The information below has been supplied by dairy marketers and other industry organizations. It has not been edited, verified or endorsed by Hoard’s Dairyman.
It’s official. Tulare County is the number one ag producing county in the United States for 2022.
While Fresno County reported a record $8.095 billion haul for 2022, it didn’t beat Tulare County’s $8.6 billion report. Both counties benefited from improved market prices and continue to corner the market in the top spots in the nation for ag production. Add in Kern County at number three, and the Central Valley counties are a combined agriculture and economic powerhouse valued at $24,432,162,300. Putting this in perspective, three California counties account for 44% of California’s total ag production value of $55,871,204,000.
Their ag prowess doesn’t stop at farm gate receipts. Central Valley agriculture is a hotbed of innovation, efficiency, and sustainability. Farmers have always been problem solvers with longevity in mind, and now they are using poop to power their farms and communities.
You heard that right. Poop power is a thing. Tulare County produces the most milk in the nation and has 40 operational dairy digesters. The digesters capture methane from manure and convert the greenhouse gas into a natural resource used to fuel farm vehicles, homes, and transportation fleets. Tulare County has reached 56% of their 2030 pollution reduction goal and had a net reduction of 592,131 metric tons of CO2e in 2021 alone. Once all planned digesters have been operational for 10 years, the Greenhouse Gas (GHG) reductions will total nearly 8.5 million MTCO2e.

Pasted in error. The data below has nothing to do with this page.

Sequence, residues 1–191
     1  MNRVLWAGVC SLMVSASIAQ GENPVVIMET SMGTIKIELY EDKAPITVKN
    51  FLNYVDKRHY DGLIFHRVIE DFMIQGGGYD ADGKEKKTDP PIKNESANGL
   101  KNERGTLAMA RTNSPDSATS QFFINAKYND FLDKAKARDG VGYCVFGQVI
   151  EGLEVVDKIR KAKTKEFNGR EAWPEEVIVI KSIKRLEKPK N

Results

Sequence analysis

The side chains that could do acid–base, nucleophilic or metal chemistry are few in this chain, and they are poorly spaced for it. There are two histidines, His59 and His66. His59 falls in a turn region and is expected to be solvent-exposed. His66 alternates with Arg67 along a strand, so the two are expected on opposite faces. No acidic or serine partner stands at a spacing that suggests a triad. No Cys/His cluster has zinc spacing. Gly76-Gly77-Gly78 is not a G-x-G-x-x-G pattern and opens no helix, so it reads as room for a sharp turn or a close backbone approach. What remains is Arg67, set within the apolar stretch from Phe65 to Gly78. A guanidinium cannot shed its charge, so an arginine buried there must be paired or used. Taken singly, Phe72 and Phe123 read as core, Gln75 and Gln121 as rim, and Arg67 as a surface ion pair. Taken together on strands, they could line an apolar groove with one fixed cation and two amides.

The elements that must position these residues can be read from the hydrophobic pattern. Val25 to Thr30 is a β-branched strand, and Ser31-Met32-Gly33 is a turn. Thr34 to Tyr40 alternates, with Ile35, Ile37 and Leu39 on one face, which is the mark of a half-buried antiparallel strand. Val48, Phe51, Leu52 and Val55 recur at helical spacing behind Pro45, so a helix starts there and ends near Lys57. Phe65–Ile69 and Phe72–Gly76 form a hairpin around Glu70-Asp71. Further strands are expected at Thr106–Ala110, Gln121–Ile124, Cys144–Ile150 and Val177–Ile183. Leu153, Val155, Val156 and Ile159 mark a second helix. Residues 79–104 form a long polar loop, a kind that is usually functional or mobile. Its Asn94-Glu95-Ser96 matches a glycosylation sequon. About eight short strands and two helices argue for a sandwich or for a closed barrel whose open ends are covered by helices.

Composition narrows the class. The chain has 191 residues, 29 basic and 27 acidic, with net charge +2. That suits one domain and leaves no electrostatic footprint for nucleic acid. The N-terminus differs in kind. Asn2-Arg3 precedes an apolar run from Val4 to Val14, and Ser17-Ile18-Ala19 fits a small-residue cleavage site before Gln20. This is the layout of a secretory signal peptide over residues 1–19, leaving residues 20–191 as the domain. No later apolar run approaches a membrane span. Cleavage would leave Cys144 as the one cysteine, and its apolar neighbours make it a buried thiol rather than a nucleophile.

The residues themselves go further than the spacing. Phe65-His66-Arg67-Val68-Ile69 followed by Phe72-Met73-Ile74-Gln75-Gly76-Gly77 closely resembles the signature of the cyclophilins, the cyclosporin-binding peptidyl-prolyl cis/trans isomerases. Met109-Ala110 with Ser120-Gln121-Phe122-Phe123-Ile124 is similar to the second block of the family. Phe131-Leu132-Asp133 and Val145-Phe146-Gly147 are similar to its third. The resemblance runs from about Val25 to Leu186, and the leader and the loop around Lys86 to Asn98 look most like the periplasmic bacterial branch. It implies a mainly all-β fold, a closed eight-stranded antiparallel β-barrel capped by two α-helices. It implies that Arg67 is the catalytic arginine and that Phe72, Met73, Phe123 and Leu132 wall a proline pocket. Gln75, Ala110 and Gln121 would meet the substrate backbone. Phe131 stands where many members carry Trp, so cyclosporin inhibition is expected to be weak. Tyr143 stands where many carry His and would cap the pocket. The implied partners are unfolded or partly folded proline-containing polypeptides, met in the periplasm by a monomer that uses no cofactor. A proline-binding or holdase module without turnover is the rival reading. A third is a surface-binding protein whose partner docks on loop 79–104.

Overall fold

This win-win-win strategy combined with scientifically advanced animal nutrition and breeding genetics has also allowed dairy herd sizes to be reduced while increasing milk production. Since 2013, the number of dairy cows in Tulare County has declined by 30,000. This has led to reduced methane emissions and even better cow comfort.
Innovations like these allow this powerful tri-county corridor to continue to improve sustainability and food security. They need the strong support of Sacramento and Washington D.C. to continue these successes.